History-rich Virginia ranks at the top of the National Register of Haunted
Locations’ “haunted places” list, with over 170 sites claiming ghostly
happenings. History and reality TV ghost shows have boosted “ghost tourism”
in the Commonwealth.
But Richmond-area author, actor and singer/songwriter
Bill Kaffenberger, who with Gary D. Rhodes co-authored No Traveler Returns:
The Lost Years of Bela Lugosi (BearManor, 2012) and Bela Lugosi In Person (BearManor,
2015), says public fascination with ghosts is
always had fascination with death and what’s beyond the grave. When Lugosi
in his now-classic role in 1931’s Dracula [film] came along, there was a lot
of thinking about the life beyond. He embodied a creature from beyond the
grave. The battle between good and evil, life after death — that was really
the basis for ghosts. That yearning to know what’s beyond the grave is still
Mark Cline, an artist who runs Enchanted Castle Studios
in Natural Bridge, designs, sculpts and manufactures foam and fiberglass
creations for roadside attractions and miniature golf courses. In 1996 he
added “ghost host” to his resume when he began Haunting Tales, Lexington’s
“Ghosts sell,” Cline says. “I
ask, how many of you believe in the possibility of ghosts? That broadens the
No matter your beliefs when it comes to ghosts, Virginia
has a lot to experience. Here are four possibilities.
Haunting Tales, Lexington’s Ghost Tour
Founded in 1788, Lexington, home to Washington & Lee
University and Virginia Military Institute, is a history-filled town.
Confederate generals Stonewall Jackson and Robert E. Lee are buried here,
and ghostly legends abound.
After taking a 1992 “Jack The Ripper Tour” while
honeymooning with wife Sherry in London, Mark Cline began researching
Lexington’s ghost-related lore. In 1996 his ghost tour began and now runs
six nights a week, peaking during Halloween week when nearly 1,000
“We are not a Halloweenish,
‘haunted house’ tour, although we do visit houses that are haunted. It’s
humor, illusions, education, mystery … and did I mention humor?” Cline says
with a laugh.
Decked out in period clothing, Cline, author and
illustrator of 2015’s The Lexington Ghost Tour, conducts 90 percent of the
tours himself, explaining, “It’s hard to find the right people [to lead the
tours]. It’s entertainment first, education second … you can entertain
His nighttime walking tours wind through Lexington
streets and include a stop in the Stonewall Jackson Memorial Cemetery, the
most popular stop on the tour. In his eerily illustrated book, Cline spins
tour-based tales, including the story of Traveller’s ghost. Robert E. Lee
died in 1870 after a massive stroke; his horse Traveller died a year later.
According to Cline, Lee’s widow insisted she heard the nightly clatter of a
horse’s hooves leading to Traveller’s stable and was convinced it was the
horse’s ghost. She made sure there was always feed in the stall for the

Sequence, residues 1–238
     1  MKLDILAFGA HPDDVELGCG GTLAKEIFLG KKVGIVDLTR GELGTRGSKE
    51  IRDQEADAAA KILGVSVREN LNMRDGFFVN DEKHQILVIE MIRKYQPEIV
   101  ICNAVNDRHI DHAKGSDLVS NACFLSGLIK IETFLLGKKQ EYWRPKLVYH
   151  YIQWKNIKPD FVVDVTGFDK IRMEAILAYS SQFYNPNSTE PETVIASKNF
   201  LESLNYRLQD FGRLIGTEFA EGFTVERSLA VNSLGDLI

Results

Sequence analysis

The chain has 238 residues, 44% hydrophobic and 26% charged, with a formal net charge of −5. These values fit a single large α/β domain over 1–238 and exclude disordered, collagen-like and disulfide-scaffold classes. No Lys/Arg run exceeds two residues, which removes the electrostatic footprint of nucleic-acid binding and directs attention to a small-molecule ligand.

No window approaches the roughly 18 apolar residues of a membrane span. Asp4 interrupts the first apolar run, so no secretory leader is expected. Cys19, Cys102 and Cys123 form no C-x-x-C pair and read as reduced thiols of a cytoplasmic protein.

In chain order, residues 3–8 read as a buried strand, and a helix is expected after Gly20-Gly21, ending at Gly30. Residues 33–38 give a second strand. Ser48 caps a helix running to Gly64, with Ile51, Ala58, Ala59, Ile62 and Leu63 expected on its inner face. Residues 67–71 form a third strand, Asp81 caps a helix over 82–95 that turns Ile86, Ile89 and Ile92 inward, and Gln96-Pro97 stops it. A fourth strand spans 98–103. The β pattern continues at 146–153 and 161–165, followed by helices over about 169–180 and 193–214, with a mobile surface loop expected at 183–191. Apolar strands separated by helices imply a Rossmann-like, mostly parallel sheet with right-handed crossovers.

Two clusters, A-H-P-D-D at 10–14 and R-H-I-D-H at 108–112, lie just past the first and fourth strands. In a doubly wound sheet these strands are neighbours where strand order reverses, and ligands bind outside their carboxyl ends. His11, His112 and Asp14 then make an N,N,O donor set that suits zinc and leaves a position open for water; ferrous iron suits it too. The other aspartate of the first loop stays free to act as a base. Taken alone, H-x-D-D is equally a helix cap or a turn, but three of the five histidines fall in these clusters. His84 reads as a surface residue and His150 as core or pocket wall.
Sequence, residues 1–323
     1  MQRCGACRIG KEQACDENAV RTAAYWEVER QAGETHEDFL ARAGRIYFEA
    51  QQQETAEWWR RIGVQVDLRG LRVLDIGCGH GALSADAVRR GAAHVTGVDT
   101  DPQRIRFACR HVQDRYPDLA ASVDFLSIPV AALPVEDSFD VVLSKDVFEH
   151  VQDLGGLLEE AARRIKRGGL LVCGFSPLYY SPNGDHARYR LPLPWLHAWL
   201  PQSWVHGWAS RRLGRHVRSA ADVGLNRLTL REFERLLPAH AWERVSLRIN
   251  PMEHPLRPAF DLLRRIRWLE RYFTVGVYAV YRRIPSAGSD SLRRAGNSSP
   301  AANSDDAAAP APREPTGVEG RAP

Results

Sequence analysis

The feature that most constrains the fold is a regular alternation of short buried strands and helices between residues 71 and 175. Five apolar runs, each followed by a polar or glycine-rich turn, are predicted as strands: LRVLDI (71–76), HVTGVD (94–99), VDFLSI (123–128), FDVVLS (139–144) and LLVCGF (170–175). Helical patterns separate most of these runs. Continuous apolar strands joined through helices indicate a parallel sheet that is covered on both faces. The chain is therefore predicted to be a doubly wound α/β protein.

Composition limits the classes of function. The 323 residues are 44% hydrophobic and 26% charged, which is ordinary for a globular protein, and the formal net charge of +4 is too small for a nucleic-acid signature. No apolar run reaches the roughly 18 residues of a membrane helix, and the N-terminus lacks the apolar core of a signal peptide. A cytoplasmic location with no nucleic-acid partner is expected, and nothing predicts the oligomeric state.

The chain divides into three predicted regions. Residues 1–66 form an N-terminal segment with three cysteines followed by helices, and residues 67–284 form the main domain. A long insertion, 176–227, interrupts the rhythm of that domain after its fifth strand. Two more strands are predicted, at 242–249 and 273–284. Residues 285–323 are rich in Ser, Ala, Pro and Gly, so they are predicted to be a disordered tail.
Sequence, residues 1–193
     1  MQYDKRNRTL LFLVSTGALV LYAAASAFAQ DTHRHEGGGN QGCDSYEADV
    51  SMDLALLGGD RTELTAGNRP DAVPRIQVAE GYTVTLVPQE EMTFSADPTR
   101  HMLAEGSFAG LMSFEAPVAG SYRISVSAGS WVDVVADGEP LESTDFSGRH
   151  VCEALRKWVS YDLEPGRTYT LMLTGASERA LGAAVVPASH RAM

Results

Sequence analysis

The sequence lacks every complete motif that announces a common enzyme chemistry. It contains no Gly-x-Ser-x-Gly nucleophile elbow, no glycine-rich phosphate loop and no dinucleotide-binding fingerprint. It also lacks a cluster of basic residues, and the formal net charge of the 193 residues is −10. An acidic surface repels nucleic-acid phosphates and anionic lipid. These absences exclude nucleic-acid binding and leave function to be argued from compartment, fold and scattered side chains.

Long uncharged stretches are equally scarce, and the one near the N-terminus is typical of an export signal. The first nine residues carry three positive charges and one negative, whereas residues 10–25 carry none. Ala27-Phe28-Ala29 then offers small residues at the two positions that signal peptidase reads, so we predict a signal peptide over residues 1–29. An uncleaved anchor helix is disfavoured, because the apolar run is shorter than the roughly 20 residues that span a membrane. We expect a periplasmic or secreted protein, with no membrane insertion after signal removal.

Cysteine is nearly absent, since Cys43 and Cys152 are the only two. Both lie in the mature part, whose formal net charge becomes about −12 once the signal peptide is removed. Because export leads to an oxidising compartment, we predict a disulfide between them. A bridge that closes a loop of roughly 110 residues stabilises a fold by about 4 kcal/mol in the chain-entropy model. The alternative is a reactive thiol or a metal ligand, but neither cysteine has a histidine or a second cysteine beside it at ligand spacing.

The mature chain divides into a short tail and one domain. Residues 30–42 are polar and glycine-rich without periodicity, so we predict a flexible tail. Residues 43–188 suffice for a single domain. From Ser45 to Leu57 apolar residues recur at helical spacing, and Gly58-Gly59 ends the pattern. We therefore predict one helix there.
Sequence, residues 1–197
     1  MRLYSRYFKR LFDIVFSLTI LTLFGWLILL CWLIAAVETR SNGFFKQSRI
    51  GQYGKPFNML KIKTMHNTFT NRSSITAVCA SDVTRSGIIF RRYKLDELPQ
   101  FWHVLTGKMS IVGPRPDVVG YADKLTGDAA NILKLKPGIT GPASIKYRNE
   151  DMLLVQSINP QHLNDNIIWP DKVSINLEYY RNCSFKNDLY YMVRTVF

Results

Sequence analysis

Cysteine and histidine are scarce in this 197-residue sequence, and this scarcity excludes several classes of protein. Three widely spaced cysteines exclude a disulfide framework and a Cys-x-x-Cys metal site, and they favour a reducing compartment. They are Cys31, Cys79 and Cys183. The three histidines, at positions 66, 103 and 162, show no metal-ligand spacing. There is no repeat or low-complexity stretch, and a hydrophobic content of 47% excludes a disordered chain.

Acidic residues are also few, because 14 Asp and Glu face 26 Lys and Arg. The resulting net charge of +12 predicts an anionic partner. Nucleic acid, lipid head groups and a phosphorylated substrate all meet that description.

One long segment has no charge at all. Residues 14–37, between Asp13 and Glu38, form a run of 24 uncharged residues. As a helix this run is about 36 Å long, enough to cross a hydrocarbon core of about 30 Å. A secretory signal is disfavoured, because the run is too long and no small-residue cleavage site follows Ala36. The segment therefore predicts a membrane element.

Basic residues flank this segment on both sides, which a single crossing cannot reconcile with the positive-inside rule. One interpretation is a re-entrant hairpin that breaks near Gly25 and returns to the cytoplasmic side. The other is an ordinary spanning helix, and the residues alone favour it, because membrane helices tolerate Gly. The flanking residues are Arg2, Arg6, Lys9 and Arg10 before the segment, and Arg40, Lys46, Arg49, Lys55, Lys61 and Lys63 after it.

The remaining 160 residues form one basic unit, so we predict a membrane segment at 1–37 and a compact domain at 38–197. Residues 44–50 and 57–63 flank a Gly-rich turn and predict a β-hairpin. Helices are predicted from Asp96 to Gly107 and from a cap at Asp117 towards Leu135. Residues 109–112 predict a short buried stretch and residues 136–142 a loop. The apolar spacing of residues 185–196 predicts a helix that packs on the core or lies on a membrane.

spirit to consume.
“Some people [told me] last night
they weren’t going to do this [tour] because they thought it [would be]
scary,” Cline says. “Most people tell me it was a lot more fun than they
Bacon’s Castle, Surry
The oldest brick house in Virginia (1665), Bacon’s Castle
was the home of planter Arthur Allen and his family. Its 17th-century formal
English gardens are the oldest in North America. In 1676 when followers of
Nathaniel Bacon revolted against Governor William Berkeley in Bacon’s
Rebellion, Bacon’s followers ousted the Allens and made the home their
headquarters for four months.
“Bacon never occupied the house,”
emphasizes Jennifer Hurst-Wender, director of museum operations and
education for Preservation Virginia. The
nonprofit acquired the 9,000-square-foot home
in the 1970s and did extensive restoration before opening the site to the
public in 1983.
She adds, “People remember Bacon’s Rebellion maybe as one
line in school [history books] but the reality was complex. It has to do
with Governor Berkeley and disputes with Virginia Indians, but in reality it
was about a disenfranchised group of poor whites who used to be indentured
[servants] and poor slaves who had bought their freedom. They were all
loyalists [to England] — nobody thought they should start their own country.
But in some ways [it was] a precursor to the American Revolution.”
Ghost lore has long surrounded Bacon’s Castle. Witnesses
have described a red fireball originating in an adjacent church graveyard
crossing a field and going into the home’s stair tower. Garden sightings of
a Civil War soldier and stories about the home’s interior abound.
Three years ago the site began hosting “haunted events”
and a tour called Spirited History. “Spirited History does a lot of site
research, has tracked down family letters and focuses on the people who have
lived here. CPRI (Center for Paranormal Research and Investigation) does
Haunted Events; they try to find scientific proof [of ghosts],” Hurst-Wender